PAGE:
My favorite video (and the only video forward I felt like watching) was the one with pictures of street food items and indo-chinese delicacies, finely edited to the melody of the Bollywood love song ' teri yaad aa rahi hai' (meaning: i am truly missing you) ;)
My folks would talk about ‘you know what’ almost non-stop during the initial days- (whatsapp forwards introduced innumerable theories of why the current situation happened, who is to blame, whose conspiracy is it, financial predictions and solutions through alternate medicine among others). So I requested them to make a slot- for eg. 6-7 pm only ‘you know what’ blabber. And rest is normal life. If that would suit? They didn’t make a slot. But the frequency of the topic is reduced considerably: max three to min zero times a day. Ye!
Personally, I have deep respect for how the Indian government is dealing with the situation- very strict! Giving clear cut does and dont's. Recently they have put a ban on whatsapp forwards as well.
It is somehow nice to be together with fellow countrymen at this time of crisis. The feeling that there are 1.3 Billion people sharing the same situation (staying home) with oneself, feels unique. Am aware and extremely grateful to be amongst those privileged who don’t have to worry about food and shelter.
The one Sunday eve- 22nd March when the entire country observed curfew and was to clap and make noise at 5pm felt so special. The sounds of blowing of the Shankh (conch shell), the clapping, the ‘oooooooooo’ vistory sounds gave goosebumps as everybody gathered in their balconies and windows to do so.
I don’t know if my experiences of the night before can be attributed to lockdown or mosquitoes or both. Well, mom and me were being tortured by an almost invisible mosquito at midnight- so we got up to optimistically swing the electric racket in the air. That’s when I saw a single branch of the fig tree outside my window sway heavily. It was laden with bats. Big and small ones. Never watched them so up close in nature till now.
If the occasional late night mosquito bites (and the subsequent loss of sleep) are discounted, life is good. Cant go out. So I recently start doing what dad does to keep fit. Walk the length of the apartment- to- and fro. For 30 minutes in the morning and thirty in the evening. Shortly before noon, I learn a new vegetable recipe from mom. After lunch I try make my parents play cards with me. Every time they come with much reluctance. But when they sit down on the warm tiles of the living room, they play focused and are at times annoyingly competitive. The exchanges between us are so funny that mom almost gets pain in the ribs with laughter. We all pause then, so that she can calm down, disentangle her muscles before the next laugh.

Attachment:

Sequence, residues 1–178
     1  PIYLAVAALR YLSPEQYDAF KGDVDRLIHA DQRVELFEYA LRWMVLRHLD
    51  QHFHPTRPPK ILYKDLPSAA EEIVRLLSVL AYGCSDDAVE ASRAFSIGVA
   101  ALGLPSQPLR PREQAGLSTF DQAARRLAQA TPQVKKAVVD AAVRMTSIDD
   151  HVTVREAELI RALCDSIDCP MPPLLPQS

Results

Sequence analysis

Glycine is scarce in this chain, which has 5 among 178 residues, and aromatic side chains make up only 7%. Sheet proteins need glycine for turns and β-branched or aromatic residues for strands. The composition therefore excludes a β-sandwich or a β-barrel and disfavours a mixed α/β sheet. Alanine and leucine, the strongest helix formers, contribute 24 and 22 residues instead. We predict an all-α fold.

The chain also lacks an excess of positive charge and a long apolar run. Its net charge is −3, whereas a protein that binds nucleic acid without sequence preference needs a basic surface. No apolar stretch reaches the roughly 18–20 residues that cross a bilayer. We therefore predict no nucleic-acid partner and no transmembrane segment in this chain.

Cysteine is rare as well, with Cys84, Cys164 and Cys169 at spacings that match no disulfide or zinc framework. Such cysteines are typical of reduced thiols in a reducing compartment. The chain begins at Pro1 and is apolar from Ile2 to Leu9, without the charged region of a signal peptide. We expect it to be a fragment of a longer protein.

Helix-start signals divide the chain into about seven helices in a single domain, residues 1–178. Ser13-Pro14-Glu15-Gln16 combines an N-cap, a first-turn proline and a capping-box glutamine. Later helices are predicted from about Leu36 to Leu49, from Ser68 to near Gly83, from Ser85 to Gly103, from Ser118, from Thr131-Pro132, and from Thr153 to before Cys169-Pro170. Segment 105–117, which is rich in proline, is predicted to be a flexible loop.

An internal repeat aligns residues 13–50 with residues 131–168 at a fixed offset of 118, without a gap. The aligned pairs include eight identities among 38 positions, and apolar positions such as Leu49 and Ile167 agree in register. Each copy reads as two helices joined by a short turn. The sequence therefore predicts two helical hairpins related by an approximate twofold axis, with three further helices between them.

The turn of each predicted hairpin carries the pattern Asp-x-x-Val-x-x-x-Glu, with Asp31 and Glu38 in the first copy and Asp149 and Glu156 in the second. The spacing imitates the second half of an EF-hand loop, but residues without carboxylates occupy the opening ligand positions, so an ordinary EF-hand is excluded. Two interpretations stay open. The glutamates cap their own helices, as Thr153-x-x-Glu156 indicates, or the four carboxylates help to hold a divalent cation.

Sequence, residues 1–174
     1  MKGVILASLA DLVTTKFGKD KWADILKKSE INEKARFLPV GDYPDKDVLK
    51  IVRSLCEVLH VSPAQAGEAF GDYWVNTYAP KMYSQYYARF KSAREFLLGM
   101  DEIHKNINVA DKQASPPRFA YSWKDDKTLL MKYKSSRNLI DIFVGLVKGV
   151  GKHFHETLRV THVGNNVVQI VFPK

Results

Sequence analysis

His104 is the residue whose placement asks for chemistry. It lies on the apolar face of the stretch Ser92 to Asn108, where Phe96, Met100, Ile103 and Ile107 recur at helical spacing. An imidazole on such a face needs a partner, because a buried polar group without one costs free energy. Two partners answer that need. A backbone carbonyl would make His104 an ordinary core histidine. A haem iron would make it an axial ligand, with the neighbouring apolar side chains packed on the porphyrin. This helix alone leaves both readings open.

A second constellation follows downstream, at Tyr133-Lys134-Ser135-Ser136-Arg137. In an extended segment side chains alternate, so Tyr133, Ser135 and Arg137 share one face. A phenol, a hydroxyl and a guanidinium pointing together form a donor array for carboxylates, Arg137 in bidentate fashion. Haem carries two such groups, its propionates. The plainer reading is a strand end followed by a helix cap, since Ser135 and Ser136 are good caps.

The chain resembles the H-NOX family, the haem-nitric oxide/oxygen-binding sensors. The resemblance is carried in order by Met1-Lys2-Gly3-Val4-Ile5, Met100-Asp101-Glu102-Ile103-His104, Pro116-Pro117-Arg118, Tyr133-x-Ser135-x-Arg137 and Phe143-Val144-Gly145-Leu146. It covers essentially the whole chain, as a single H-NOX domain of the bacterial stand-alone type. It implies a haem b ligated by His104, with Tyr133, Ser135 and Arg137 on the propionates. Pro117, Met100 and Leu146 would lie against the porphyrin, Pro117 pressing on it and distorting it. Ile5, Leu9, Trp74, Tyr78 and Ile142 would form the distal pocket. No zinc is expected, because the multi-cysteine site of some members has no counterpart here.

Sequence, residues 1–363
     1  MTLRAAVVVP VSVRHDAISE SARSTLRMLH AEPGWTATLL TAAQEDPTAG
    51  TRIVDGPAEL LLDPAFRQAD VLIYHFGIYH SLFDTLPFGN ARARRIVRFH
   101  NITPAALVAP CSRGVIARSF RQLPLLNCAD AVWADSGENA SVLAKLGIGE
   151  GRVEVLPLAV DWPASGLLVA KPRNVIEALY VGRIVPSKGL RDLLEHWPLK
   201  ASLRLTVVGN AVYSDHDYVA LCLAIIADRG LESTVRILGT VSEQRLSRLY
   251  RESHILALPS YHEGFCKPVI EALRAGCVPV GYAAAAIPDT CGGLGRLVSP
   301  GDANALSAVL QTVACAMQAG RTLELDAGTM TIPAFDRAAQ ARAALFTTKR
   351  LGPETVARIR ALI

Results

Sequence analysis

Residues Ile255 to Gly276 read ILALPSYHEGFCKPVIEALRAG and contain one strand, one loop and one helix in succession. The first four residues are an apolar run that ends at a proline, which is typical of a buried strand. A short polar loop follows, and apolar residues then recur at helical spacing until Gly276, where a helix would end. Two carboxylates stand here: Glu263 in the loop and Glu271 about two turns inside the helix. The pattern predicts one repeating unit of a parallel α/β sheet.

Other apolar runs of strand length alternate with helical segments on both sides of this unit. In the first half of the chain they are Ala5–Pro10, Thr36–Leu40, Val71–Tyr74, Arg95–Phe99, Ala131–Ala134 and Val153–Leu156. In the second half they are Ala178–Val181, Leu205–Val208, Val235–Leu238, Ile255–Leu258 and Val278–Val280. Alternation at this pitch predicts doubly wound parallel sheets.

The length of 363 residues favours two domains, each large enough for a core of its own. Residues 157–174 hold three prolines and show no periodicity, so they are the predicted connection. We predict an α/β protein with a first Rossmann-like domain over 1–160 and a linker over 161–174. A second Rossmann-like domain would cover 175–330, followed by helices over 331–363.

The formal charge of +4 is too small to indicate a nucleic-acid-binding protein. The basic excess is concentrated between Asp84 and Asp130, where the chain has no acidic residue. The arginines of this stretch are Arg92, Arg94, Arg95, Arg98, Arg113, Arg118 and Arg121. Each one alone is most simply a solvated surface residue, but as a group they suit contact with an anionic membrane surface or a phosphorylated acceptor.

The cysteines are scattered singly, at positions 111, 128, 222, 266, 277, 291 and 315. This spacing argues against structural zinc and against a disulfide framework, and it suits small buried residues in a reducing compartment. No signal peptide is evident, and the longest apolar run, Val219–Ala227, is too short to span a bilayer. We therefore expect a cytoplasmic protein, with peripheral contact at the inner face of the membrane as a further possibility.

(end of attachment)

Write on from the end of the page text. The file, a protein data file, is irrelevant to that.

With time, I have come to re-acknowledge my mom's quality of deep devotion. It is currently directed at cleaning and cooking. She attempts to try out new recipes from youtube and is extremely elated to know that the meal has turned out yummy. Dad is surprising me too by making chapatis in the kitchen and doing dishes twice a day (very rare for his generation).
In India, we have more than fifty TV-channels showing movies (even Korean films are dubbed in Hindi). Mom and me prefer Walt Disney ones. Oh they feel so good! 4pm is Chai time with biscuits. Later in the evening is also Yoga time- looking at Youtube videos. Some evenings I meditate or join my friends back home on conference call, or telephone with friends in India. My dad calls us daily at 8pm to watch our favourite crime series, with the same euphoria, as if it’s India’s cricket world-cup final commencing. At 7.50 am, he goes through the apartment reminding us to conclude our current activities within 10 minutes time. Rest of the time, I am working. Luckily most of my work is online.
Today I realize that being well versed in what I call cardinal rules for home office: mindfulness, focus and positive self-talk is serving me very well.
I inculcated these habits during the last months of 2019, way before the current situation became a part of our lives.
Also, I am utmost lucky and grateful to have company of my parents during this Groundhog Day phase. It will stay to be one great memory of time spent with the family.
That's summarizing my experiences till date. How has it been for you?
Wishing everyone peace and health. Stay home, Stay Safe!!
Sunny Greetings from Mumbai,